Potential and Possibility 2024: Access to employment 

People with complex disabilities tell us what needs to change

Inadequate support means that many disabled people are being prevented from exploring and realising their potential through the world of work. 

One quarter of people with complex disabilities didn’t receive any support to look for and apply for jobs.

Source: Potential and Possibility research 2024

Everyone should feel valued in the workplace, be treated with dignity and given the support needed to excel. It’s unlikely that anyone would disagree with this statement, and yet many disabled people are being denied this experience.  

Of course, it’s true that employment isn’t right for every disabled person. But a job can be important part of someone’s identity and sense of purpose. Two thirds (66%) of people with complex disabilities who had a paid or voluntary role enjoyed it. So why aren’t more people getting an opportunity to explore this path? 

Employment processes that diminish instead of empower 

Looking for work is never easy, but for many people with complex disabilities, finding and staying in work is much harder than it should be. 

While most non-disabled people would expect recruitment processes to build up their confidence and empower them to embrace opportunities, disabled people risk being deflated and held back. Inaccessible recruitment practices, a lack of support while looking for roles and unsympathetic employers and are just some of the barriers people with complex disabilities face in the labour market.  

A lack of support while looking for roles 

25% of people with complex disabilities who were in work or looking for paid employment didn’t receive any support to look for and apply for jobs. Our research found that unhelpful attitudes and rigid processes exist even in the places that ought to help people overcome barriers to employment. 

Jade, age 35, is eager to find a job. She’s non-verbal and has sight loss, and, like many people with complex disabilities, her job centre experience was a negative one. 

A woman in a wheelchair wearing blue and sitting in front of a bookcase

“When I attended Jobcentre, I wasn’t given the opportunity or encouraged to look for work on their computers. If I had been, I’d have needed a joystick that I could grip and magnifying software to enlarge the fonts, which they don’t have.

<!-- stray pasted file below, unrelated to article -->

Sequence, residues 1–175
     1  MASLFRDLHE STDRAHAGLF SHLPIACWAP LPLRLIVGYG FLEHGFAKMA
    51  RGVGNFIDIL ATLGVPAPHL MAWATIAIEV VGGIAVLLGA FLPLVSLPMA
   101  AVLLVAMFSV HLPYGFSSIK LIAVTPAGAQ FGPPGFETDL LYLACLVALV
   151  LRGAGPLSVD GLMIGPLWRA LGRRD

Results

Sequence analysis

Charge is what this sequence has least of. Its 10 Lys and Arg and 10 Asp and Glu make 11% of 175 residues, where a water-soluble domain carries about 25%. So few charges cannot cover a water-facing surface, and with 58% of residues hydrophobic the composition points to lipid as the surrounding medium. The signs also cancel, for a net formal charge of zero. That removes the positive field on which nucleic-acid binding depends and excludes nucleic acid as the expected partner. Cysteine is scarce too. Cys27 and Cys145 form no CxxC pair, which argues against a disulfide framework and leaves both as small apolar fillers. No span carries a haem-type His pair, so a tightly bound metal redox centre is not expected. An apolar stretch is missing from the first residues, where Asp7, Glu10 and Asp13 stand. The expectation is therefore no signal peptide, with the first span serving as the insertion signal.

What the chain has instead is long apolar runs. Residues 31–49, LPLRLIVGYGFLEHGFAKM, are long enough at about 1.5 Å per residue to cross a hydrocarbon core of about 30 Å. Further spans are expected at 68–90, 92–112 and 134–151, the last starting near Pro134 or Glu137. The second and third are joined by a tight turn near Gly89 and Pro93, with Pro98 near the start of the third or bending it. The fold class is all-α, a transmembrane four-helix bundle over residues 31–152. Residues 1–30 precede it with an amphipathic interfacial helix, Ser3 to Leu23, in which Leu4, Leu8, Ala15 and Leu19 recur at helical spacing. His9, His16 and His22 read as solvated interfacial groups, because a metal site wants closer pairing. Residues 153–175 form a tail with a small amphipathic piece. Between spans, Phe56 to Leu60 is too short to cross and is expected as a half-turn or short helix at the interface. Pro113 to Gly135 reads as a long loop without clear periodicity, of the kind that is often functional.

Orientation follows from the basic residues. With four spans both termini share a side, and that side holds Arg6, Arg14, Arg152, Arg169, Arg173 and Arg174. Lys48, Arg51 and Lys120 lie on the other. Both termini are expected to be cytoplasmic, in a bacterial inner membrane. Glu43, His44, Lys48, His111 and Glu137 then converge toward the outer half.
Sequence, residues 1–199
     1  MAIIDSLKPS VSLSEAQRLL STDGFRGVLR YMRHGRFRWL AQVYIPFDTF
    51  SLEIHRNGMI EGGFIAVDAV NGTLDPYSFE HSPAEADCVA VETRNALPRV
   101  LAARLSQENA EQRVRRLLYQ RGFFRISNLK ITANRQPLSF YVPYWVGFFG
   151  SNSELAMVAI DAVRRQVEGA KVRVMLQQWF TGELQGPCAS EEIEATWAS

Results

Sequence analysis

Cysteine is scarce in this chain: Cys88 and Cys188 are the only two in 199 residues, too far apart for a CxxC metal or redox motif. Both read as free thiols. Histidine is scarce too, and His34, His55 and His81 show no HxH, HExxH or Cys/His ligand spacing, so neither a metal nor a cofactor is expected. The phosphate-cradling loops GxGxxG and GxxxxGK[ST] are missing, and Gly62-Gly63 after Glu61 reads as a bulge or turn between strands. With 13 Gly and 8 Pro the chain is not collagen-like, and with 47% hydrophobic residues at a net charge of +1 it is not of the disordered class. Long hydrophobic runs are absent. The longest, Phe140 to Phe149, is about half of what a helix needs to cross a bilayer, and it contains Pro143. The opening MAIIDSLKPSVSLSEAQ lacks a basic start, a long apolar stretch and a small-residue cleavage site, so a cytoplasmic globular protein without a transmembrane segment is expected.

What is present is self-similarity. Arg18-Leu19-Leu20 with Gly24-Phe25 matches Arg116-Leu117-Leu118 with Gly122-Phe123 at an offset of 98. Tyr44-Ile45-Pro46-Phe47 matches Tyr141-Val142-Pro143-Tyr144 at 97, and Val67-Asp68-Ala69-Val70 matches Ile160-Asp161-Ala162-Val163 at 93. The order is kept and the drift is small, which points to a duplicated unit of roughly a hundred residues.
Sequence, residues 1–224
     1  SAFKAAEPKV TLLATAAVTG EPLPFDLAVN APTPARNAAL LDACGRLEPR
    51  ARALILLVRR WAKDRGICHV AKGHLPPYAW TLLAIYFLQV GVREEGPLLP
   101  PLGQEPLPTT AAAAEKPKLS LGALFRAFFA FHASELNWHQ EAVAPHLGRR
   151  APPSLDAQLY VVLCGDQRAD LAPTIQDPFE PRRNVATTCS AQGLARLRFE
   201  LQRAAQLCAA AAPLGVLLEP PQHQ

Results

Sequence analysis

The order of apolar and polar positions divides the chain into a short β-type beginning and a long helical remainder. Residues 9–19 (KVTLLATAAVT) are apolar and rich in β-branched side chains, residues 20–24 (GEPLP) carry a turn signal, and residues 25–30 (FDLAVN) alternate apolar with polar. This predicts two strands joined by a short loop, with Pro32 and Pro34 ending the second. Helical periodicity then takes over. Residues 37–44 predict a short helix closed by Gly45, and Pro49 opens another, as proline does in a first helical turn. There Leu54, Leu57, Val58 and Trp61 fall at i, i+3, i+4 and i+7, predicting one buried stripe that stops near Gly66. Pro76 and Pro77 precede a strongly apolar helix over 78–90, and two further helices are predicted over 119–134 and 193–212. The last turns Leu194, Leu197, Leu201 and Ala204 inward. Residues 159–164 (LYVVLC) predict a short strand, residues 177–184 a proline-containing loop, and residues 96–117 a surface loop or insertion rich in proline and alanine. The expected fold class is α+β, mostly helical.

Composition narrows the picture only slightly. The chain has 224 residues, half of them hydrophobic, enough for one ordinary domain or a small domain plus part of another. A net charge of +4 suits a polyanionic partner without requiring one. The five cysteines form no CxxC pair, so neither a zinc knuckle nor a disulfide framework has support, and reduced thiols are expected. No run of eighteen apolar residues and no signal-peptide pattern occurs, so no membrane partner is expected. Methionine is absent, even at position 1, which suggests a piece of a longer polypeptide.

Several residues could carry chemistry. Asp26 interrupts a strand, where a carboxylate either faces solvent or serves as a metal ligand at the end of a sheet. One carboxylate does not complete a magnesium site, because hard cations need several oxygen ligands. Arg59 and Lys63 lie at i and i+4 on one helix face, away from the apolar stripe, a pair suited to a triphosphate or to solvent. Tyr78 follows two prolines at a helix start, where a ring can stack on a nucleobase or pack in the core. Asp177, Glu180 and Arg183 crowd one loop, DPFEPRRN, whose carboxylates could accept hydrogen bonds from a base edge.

Before I used Sense’s employment service, I didn’t have a clue that I could work at all. I’d always been told that I won’t get a job because of my disabilities.” 

Jade

One of the key findings from our employment research was that not one job centre in the UK offers specialist assistive technology on its computers, making it more difficult for those who rely on this support to look and apply for work onsite.   

Over half of people with complex disabilities who didn’t have a paid job would like more support looking for paid employment.

Source: Potential and Possibility research 2024

Job centres often refer disabled jobseekers to Sense. Our employment services support people to develop skills, navigate recruitment and manage accessibility requirements at work. But even in areas where the charity can provide this specialist support, job centres should still be meeting the needs of people with complex disabilities.  

Over half (55%) of people with complex disabilities who didn’t have a paid job would like more support looking for paid employment. Fortunately, this is a problem that can be fixed.

Our experience and expertise mean Sense is well-placed to identify some things the Government needs to do differently to successfully close the disability employment gap. 

Sense would like to see the Government:  

  • Partner with disability charities, including organisations with specialist employment services to ensure people with complex disabilities receive appropriate support.    
  • Explore options for further improving the provision of specialist employment support – including funding for assistive technology – with charities and other local organisations.  
  • Fund more specialist employment programmes to work in partnership with Job Centre Plus. 

Read our research on the employment support available to people with complex disabilities

About this research 

Potential and Possibility is an annual piece of research on the experiences and aspirations of people with complex disabilities. The research involves polling and our own survey. This year we involved 1,279 people with complex disabilities in our research. This year (2024) is the third year we have carried out this research. 

These pages reflect the latest information from our 2024 research, building on our findings from 2023 and 2022. 

If you have any questions about the research, please contact [email protected]